Report: Jails Overlook Opportunities to Address Disability Despite Prevalence of Disability in Jailed Population


December 4, 2019 | by Bridget Hayman


Bridget Hayman

Director of Communications

(312) 640-2129

Access Living Finds Gaps in Efforts to Reduce Incarceration for People with Disabilities 

CHICAGO — Access Living today released a report highlighting the failure of the criminal justice system to adequately address and track the needs of people with all kinds of disabilities in jail.

The report, funded by the John D. and Catherine T. MacArthur Foundation’s Safety and Justice Challenge, looks at how people with all types of disabilities experience the criminal justice system focused around jail, and finds that despite a general prevalence of disabled people in jails, there is a lack of disability-related data overall and a number of under-addressed opportunities to meet their needs, which would ultimately reduce incarceration rates. 

Nationally, an estimated 40 percent of people in jail self-report as having at least one disability, according to the 2011-2012 National Inmate Survey from the U.S. Department of Justice’s Bureau of Justice Statistics. Recent efforts to reduce overall jail incarceration have given rise to a range of innovative strategies, such as cutting back on the use of cash bail, shifting the way prosecutors make decisions about charges, and addressing mental health services through deflection and services. Yet, Access Living uncovered many instances, even in new strategies, where disability has remained unseen, unaddressed or inadequately understood in the criminal justice system and reform efforts.

“We know that a number of disability advocates have been working for many years to bring a cross-disability look to criminal justice and restorative justice work,” said Amber Smock, Access Living’s Director of Advocacy.  “We wanted to amplify and focus the message of this work to tell policymakers: you have got to consider the full range of disability when revamping law, policy and practice.”

Access Living began surveying this issue area because it believes a cross-disability approach is needed to further change within the criminal justice system. A federally-designated Center for Independent Living, Access Living has served a number of people who have also been impacted by the Cook County, or other criminal justice systems. For many, their disability began or was worsened as a result of their criminal justice involvement. Repeatedly, community members report situations where people with disabilities would have benefited from supports and diversion rather than incarceration.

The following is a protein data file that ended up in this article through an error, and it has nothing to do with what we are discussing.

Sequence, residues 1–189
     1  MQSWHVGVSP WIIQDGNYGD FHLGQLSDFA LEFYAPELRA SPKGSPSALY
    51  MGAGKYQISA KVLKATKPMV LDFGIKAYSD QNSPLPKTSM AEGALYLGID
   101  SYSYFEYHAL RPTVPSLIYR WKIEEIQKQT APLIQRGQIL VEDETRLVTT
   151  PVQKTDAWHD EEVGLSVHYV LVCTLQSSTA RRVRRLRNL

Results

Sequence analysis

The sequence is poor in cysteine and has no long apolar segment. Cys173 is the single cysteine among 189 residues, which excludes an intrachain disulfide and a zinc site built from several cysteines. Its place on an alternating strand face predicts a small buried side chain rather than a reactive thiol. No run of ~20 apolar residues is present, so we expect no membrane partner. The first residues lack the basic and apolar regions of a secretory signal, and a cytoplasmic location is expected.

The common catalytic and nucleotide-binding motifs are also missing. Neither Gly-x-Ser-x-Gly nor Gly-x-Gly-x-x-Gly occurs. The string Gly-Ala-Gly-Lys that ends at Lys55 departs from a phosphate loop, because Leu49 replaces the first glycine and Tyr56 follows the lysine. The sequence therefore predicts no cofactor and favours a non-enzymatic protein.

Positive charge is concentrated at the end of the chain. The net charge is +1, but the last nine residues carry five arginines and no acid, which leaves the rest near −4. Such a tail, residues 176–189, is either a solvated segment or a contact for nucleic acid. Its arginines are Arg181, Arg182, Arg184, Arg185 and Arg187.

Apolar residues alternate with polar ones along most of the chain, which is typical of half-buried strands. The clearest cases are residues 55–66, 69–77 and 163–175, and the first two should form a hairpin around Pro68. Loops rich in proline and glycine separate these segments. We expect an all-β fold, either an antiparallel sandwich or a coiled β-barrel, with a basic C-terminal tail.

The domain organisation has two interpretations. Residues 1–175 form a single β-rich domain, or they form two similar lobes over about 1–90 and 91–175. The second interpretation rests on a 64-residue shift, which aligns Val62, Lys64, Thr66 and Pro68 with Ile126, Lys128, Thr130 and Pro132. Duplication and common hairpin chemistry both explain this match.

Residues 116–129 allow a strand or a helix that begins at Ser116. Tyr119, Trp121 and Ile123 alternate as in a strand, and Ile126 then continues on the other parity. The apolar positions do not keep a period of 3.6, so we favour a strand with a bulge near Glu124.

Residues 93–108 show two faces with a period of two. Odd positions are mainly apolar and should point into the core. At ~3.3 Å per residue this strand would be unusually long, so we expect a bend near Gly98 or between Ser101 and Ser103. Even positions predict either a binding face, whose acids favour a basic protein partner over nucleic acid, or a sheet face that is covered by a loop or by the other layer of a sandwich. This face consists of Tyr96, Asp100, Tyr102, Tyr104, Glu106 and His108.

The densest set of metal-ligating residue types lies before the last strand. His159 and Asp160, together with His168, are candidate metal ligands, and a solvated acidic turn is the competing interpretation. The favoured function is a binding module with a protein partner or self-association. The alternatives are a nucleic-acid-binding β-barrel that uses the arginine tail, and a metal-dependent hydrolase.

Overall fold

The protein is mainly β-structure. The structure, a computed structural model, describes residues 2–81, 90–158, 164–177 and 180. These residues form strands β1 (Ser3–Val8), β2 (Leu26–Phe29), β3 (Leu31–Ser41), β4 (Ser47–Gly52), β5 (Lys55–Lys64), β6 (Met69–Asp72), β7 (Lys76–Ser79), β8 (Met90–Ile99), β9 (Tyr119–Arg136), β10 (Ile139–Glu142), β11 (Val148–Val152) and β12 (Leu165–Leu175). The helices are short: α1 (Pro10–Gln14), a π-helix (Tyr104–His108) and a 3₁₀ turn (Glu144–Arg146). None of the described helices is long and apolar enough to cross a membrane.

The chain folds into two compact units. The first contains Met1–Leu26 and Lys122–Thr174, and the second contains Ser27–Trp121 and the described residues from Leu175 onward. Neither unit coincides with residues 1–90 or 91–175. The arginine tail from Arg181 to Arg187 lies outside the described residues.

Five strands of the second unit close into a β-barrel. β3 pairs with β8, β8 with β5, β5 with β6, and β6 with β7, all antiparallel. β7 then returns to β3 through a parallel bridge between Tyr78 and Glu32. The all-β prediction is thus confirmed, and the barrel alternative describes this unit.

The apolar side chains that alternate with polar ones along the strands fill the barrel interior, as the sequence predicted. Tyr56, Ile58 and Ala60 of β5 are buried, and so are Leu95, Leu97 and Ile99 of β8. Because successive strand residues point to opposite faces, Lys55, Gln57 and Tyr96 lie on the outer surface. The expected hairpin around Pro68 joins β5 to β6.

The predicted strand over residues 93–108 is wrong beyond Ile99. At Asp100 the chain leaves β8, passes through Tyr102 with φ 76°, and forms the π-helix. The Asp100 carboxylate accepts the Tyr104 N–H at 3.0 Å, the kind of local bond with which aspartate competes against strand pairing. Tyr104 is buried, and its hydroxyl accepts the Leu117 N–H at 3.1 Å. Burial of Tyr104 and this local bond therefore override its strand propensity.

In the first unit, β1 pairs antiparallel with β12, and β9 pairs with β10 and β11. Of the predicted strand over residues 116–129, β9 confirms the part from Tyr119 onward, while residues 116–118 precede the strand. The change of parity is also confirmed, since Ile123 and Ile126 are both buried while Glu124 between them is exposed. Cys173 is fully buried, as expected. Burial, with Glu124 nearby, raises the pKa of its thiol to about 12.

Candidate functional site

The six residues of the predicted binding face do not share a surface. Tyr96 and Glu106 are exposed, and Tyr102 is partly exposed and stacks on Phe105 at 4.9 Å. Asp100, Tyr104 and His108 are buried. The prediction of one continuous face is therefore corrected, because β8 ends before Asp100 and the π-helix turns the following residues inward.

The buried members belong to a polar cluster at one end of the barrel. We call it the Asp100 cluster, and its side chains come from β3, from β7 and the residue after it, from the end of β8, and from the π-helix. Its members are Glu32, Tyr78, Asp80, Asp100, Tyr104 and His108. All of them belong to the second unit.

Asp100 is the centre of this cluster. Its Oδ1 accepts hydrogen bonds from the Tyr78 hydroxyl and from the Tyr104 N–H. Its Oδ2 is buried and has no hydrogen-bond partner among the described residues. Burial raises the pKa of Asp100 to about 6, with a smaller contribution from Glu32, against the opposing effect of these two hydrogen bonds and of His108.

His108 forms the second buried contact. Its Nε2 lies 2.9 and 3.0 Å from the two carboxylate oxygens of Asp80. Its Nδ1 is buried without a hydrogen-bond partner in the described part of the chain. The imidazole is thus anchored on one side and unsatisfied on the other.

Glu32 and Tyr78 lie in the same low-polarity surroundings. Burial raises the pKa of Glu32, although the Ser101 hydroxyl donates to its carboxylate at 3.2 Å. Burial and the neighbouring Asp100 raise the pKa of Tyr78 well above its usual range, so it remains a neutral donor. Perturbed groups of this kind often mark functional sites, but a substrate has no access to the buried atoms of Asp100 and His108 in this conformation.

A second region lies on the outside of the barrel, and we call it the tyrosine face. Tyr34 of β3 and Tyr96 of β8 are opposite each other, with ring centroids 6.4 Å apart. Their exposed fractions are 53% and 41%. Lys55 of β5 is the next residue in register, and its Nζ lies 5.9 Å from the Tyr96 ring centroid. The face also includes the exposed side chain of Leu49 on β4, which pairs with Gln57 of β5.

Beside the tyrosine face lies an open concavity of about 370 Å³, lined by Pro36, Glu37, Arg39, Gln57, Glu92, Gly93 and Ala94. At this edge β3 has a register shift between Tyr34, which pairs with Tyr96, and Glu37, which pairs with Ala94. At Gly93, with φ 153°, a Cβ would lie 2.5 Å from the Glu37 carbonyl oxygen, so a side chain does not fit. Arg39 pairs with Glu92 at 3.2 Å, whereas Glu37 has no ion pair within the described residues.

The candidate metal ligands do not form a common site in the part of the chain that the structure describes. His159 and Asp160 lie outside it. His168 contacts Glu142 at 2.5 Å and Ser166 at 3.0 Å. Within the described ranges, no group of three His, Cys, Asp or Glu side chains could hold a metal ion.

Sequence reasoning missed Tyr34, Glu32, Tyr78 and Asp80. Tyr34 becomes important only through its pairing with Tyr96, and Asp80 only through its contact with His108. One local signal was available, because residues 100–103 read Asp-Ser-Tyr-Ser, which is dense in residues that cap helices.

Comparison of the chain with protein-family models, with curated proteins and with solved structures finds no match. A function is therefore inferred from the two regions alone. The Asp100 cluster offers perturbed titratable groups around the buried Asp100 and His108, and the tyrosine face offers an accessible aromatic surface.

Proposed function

“My experience is a system that’s one of punishment and not of rehabilitation, one of condemnation rather than redemption,” said Chris Huff, who was incarcerated in when he was 15 years old and now has master’s degree in social work and a bachelor’s in political communication and economic development. Huff said he was never asked if he needed accommodations in jail nor were they provided. “Being a person with a disability is a very important part of my identity, not a part that can be dismissed.” 

Access Living reviewed different ways people with disabilities have contact with the criminal justice system; surveyed existing work in the field; and interviewed people with disabilities who have been incarcerated along with stakeholders in reform, and people who work in the criminal justice system. The mere fact of overrepresentation of people with disabilities in jail should spark thoughtful conversations to reduce jail incarceration. Access Living believes that that several steps can be taken to move forward the ongoing dialogue about reducing the number of people with disabilities in the criminal justice system.

The report outlines eight policy recommendations as a starting point to evaluate opportunity gaps for system reform:

  1. Increase storytelling and advocacy opportunities for people with disabilities who have had contact with the criminal justice system. 
  2. Convene cross-disability policy committees at the local and national levels that include decision-makers and impacted community members, with the goal of reducing incarceration. 
  3. Establish and enforce clear cross-disability accommodation policies and protocols covering all areas where people interact with the criminal justice system. 
  4. Train front-line professionals and criminal justice agency staff on a cross-disability framework to be able to identify and support people with disabilities who are in jail or at risk of incarceration. 
  5. Enhance the transparency of disability policy and disability data to open opportunities for substantial lasting change to the continued reduction of the number of people with disabilities in jail. 
  6. Within the criminal justice system, implement internal employee Americans with Disabilities (ADA) accommodation guidance and training. 
  7. Provide meaningful alternatives to a police response when someone is in crisis to deflect/divert people with disabilities who do not pose a public safety concern into non-restrictive supportive environments. 
  8. Invest in housing options that are both affordable and accessible for people with a range of disabilities and to people who have a criminal history.

“We can no longer afford a piecemeal approach to criminal justice reform efforts. Reducing jail population is essential to addressing the damage done by mass incarceration to communities across the nation. Reframing disability in policies and programs designed to reduce jail incarceration, by centering on those disabled people who have been incarcerated, is essential to moving ahead,” said Smock.

Access Living will now begin a two-year project to convene working groups to refine the cross-disability lens for reducing jail incarceration, as well as highlight specific issue areas that could lead to reducing the use of jail for people with a variety of disabilities.